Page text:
Japan aims to develop its own stand-off cruise missile that can be launched from aircraft, warships and land-based defense systems to engage targets on land and at sea, The Drive reported Tuesday.
The Yomiuri Shimbun, a Japanese newspaper, said that Japan’s defense ministry would study the addition of a land-attack capability to existing anti-ship missile development programs and that research and development would begin in fiscal year 2018.
The report did not specify the future missile’s features but described the weapon as a Japanese version of the Raytheon-made Tomahawk land attack missiles.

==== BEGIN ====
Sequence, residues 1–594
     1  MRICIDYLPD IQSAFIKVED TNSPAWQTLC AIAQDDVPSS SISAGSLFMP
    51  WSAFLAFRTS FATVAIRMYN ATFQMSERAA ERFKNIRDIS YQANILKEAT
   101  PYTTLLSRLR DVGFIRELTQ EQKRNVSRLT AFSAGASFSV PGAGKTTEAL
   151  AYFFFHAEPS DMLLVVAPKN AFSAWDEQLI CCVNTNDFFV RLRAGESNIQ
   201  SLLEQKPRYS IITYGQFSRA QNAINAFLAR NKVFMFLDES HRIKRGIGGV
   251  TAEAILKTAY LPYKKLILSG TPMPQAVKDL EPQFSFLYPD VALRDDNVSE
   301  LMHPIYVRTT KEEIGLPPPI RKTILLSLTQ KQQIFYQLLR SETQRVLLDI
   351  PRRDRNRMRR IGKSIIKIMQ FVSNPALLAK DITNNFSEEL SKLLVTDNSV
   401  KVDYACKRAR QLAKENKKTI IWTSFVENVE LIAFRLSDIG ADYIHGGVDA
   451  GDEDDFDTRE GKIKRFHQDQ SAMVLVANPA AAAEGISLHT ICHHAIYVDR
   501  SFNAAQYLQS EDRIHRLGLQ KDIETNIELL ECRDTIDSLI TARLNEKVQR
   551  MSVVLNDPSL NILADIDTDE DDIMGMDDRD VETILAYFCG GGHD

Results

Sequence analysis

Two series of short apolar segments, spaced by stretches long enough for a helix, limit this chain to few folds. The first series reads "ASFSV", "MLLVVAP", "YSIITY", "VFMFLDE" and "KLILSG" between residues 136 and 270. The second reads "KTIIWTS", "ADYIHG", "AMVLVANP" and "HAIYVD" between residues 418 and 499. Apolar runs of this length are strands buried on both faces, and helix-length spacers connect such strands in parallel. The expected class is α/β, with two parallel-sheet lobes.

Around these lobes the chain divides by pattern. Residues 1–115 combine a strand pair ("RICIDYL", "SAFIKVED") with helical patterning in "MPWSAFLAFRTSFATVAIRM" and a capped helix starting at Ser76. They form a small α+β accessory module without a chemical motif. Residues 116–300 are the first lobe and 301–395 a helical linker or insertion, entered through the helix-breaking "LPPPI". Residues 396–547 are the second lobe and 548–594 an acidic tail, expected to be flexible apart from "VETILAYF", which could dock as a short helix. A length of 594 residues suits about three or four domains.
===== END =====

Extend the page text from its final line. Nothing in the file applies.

Japan could integrate new long-range cruise missiles with the Aegis Ashore ballistic missile defense architecture that the country is planning to buy, or purchase Tomahawks for those systems as a supplement to its own weapons, The Drive reported.
The Japanese military could use its own cruise missile to address security threats posed by North Korea as well as tensions in the East China Sea, the report noted.